Captured by Grace

by | Aug 9, 2010 | 2010, Musings | 0 comments

David Jeremiah is a pastor in the San Diego area. Years ago, I was his consultant when he pastored in Wayne, Indiana. I have followed his ministry for years and recently found a portion of his book, “Captured by Grace” to be particularly powerful.

In this book, Pastor Jeremiah overlays the lyrics of John Newton’s very well known hymn, “Amazing Grace” with the details of the life of Paul. As he intertwines the two stories, he plainly declares the riches of God’s grace.

I have read a couple of biographies of John Newton before, but there were some new and interesting details that Pastor Jeremiah uncovered for me. First, he highlights the source of inspiration for the song. Apparently as Newton was mulling over the verses in I Chronicles 17:16-17, (“…who am I and what is my house, that you have brought me thus far? And yet, this is a small thing in your sight O God…”), he began to pen the words of this new hymn. As he considered how David, a murderer and adulterer was redeemed by the incredible grace of God, he concluded that this grace, which was extended to him (an infamous slave trader) was indeed AMAZING!

Newton’s “working title” for the song was “Faith’s Review and Expectation.” (I like “Amazing Grace” much better!) And, you might not know that the melody for this very well known hymn was adapted from another song entitled “New Britain” by a man named William Walker. Apparently in that day, a melody might be used for many different songs.

In most modern hymn books there are four stanzas rendered for “Amazing Grace.” But actually there were many more written, some by Newton and others by Edwin Excell. Perhaps the most famous stanza of all, “When we’ve been there ten thousand years, bright shining as the sun, we’ve no less days to sing God’s praise than when we first begun” was written by Excell. It first appeared in song books in 1909; over 125 years after Newton wrote the original words to the song.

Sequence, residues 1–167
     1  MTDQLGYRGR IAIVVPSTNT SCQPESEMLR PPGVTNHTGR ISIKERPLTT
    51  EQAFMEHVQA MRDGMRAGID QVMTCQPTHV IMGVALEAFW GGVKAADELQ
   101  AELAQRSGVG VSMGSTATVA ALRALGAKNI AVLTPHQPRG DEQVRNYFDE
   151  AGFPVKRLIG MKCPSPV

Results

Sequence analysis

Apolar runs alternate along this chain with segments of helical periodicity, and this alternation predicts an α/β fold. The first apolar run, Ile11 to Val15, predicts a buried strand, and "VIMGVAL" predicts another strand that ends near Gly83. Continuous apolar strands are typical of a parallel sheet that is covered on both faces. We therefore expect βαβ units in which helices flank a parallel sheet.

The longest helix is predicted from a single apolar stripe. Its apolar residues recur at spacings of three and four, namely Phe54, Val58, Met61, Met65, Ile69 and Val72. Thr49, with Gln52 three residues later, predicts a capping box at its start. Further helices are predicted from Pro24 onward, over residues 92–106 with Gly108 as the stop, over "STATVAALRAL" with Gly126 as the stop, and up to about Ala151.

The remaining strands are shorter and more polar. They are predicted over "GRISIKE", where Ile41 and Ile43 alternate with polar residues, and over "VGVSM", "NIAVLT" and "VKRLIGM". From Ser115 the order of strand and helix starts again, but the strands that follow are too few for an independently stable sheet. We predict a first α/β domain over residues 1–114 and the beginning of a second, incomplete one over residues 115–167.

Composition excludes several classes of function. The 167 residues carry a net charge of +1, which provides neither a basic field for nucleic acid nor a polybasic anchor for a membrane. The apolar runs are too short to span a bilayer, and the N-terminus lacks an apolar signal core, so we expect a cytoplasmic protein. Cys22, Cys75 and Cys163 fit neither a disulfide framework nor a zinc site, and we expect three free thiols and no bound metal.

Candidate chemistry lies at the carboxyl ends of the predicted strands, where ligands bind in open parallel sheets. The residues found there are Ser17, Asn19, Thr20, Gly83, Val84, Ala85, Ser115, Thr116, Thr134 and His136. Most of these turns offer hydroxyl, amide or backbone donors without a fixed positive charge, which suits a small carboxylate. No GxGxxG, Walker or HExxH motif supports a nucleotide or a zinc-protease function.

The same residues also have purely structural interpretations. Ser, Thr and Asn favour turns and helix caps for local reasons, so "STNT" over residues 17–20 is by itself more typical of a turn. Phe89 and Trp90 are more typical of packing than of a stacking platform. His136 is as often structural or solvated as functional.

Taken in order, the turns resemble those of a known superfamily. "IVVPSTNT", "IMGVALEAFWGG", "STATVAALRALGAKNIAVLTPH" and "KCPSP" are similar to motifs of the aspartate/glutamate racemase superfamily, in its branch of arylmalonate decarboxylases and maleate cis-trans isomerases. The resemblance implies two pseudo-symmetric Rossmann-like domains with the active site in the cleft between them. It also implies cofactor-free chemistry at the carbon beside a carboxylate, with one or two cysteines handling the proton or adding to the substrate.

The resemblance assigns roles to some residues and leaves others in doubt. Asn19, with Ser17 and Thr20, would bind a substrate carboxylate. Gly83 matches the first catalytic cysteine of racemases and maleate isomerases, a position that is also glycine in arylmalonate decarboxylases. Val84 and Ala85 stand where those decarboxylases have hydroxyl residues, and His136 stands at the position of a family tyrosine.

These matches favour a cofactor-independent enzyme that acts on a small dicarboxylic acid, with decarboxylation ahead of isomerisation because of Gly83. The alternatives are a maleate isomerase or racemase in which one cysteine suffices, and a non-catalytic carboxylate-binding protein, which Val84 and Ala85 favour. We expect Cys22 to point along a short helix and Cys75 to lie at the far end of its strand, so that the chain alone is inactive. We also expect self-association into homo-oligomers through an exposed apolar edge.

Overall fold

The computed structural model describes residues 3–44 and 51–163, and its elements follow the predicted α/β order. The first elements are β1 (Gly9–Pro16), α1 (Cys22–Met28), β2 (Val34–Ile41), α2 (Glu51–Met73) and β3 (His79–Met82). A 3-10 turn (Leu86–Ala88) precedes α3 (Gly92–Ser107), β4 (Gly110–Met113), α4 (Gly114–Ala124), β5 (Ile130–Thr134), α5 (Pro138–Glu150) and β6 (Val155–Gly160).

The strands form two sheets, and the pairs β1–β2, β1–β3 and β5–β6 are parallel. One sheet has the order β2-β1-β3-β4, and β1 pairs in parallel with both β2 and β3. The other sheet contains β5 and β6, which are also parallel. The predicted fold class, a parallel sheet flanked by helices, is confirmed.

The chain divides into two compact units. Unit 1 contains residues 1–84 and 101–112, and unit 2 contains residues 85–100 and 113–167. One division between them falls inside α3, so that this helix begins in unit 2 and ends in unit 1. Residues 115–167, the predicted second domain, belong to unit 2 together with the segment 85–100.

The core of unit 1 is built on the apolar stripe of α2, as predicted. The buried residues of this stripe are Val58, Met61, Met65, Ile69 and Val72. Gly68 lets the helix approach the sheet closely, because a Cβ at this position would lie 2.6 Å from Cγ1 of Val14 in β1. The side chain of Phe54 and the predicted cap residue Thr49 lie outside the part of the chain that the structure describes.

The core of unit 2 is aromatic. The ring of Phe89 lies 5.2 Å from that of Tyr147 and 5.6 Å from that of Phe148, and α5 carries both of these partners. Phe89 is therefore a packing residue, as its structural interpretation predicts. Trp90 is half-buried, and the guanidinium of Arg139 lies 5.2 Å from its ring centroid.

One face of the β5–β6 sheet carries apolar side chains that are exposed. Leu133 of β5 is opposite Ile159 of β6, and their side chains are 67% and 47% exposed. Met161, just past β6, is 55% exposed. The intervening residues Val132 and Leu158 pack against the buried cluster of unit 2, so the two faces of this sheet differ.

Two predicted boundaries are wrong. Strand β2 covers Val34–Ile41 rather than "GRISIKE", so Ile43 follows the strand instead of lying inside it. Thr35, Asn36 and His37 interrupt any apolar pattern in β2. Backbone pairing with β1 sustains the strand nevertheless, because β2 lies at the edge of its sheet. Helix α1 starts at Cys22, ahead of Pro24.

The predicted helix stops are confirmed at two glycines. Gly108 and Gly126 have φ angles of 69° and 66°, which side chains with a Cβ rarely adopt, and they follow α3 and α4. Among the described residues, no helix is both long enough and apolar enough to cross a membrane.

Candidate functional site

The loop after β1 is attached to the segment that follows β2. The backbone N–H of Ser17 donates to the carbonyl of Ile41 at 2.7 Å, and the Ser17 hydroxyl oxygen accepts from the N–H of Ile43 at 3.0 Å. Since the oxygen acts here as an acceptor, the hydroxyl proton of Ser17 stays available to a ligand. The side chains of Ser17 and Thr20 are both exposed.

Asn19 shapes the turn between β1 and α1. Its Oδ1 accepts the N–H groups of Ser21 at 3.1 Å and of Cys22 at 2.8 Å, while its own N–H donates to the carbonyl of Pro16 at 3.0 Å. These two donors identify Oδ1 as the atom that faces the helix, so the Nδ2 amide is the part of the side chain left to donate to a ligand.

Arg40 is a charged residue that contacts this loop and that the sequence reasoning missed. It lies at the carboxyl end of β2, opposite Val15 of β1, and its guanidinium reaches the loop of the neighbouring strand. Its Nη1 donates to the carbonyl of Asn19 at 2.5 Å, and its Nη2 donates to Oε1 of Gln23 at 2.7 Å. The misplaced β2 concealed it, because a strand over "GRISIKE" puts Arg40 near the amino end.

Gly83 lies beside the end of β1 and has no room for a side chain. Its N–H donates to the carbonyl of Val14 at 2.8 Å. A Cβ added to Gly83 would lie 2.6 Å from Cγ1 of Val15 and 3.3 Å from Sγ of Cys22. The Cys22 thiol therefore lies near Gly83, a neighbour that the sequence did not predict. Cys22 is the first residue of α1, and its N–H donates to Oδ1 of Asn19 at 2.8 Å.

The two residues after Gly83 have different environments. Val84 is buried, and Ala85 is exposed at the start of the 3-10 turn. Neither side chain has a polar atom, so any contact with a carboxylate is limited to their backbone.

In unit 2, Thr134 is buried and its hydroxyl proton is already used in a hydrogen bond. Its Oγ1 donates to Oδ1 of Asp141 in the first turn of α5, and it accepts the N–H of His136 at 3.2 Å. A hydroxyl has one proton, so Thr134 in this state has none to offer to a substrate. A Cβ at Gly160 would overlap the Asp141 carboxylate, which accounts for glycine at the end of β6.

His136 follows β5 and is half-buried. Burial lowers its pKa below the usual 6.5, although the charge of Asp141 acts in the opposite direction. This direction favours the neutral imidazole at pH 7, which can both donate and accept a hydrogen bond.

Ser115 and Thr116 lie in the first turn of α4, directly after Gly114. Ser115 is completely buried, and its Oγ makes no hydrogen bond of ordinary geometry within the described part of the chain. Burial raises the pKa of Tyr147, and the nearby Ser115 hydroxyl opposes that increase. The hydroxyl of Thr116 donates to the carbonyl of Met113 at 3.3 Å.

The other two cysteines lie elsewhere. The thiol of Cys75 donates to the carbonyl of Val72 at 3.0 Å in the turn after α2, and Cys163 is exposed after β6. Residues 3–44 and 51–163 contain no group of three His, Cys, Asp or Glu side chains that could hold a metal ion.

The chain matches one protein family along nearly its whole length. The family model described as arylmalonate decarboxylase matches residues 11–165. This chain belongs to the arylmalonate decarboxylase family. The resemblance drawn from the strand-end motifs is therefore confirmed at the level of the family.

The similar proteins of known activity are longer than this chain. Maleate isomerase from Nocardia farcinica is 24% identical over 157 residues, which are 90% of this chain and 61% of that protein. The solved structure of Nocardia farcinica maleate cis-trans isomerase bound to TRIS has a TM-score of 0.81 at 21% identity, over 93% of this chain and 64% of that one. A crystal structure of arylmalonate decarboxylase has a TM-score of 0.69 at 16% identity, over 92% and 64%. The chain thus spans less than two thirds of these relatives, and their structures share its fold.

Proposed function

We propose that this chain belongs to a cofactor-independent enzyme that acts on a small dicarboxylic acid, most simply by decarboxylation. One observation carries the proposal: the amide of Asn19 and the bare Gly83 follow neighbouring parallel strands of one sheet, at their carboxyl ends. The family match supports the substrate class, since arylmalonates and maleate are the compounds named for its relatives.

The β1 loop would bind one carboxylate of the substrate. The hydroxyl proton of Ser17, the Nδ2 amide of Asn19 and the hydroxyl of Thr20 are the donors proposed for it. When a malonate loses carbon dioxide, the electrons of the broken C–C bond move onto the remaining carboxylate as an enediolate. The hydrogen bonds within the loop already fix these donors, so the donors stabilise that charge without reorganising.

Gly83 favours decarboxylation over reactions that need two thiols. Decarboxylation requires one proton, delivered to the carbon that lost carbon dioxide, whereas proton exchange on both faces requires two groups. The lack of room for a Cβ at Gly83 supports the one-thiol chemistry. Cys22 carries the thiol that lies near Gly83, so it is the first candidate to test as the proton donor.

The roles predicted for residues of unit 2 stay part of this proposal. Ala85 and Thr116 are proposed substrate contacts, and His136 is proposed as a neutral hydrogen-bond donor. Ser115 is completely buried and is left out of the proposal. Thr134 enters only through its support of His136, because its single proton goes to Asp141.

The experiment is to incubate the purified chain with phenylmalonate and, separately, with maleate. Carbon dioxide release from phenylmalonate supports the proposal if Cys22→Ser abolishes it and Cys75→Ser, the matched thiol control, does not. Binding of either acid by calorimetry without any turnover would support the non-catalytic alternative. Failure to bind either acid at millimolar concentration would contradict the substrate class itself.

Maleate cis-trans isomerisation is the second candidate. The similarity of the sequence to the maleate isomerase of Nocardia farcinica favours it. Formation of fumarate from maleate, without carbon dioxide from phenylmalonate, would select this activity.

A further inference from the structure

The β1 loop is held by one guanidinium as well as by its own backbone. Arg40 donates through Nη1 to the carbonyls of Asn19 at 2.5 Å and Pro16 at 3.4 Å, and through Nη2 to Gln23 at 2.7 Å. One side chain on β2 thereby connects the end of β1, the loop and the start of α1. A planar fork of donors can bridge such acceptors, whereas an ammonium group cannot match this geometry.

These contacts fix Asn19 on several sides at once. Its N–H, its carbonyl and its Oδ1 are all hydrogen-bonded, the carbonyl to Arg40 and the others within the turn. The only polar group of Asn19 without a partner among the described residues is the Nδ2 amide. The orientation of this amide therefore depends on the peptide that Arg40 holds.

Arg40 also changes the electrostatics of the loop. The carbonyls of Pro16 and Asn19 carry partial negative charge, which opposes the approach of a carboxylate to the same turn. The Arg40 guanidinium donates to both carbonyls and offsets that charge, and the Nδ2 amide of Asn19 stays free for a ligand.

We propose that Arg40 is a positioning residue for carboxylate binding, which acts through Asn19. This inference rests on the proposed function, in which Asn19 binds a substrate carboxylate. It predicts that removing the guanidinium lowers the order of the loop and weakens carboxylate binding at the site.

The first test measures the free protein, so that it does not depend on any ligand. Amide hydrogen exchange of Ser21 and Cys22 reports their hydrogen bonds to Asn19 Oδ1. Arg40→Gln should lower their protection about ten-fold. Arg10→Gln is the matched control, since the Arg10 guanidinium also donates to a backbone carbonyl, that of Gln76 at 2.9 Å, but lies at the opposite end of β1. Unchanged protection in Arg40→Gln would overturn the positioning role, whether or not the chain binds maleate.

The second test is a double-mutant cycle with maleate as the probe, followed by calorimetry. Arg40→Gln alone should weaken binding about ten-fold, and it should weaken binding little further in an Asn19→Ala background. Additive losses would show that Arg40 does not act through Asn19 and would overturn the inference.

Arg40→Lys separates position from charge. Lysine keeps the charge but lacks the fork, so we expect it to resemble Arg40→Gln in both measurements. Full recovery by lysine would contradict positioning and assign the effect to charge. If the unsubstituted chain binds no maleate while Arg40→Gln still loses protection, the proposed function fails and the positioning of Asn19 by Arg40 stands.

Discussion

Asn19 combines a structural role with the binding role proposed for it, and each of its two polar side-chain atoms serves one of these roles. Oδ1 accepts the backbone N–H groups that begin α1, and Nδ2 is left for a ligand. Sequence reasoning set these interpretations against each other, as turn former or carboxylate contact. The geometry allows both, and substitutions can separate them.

And the story doesn’t end there. This glorious song seems to have been highlighted for each succeeding generation. In the midst of the rock music of the 70s, Judy Collins came out with an a cappella rendition that was a major hit both in America and Britain. Apparently the opera singer, Jessye Norman recorded a concert version of the song. Johnny Cash did the country version and Bill Moyers did a public television special on this great hymn.

As Pastor Jeremiah notes, this hymn has been sung at concerts, ballgames, prisons, church services, Presidential inaugurations and Olympic ceremonies. It is a concept that resonates in the hearts of men and women regardless of their spiritual, social or cultural backgrounds. It is sung in most every corner of the globe in many different languages. If Christians had a single anthem, “Amazing Grace” would be it!

So, as you wander through the days of this upcoming week, keep your eyes open to see the outpouring of God’s grace. You may find it in the soft kiss of a loved one, or in the giggle you hear from a child. You may sense God’s goodness as you plow through the stack of papers on your desk or as you chase your children around a park. You may be grinning as you hum those precious words, or singing them through watery eyes, but in all circumstances and from every perspective of life, remember God’s grace is amazing! Cherish it this week.


Submit a Comment


 2020  2019  2018  2017  2016  2015  2014  2013  2012  2011  2010  2009  2008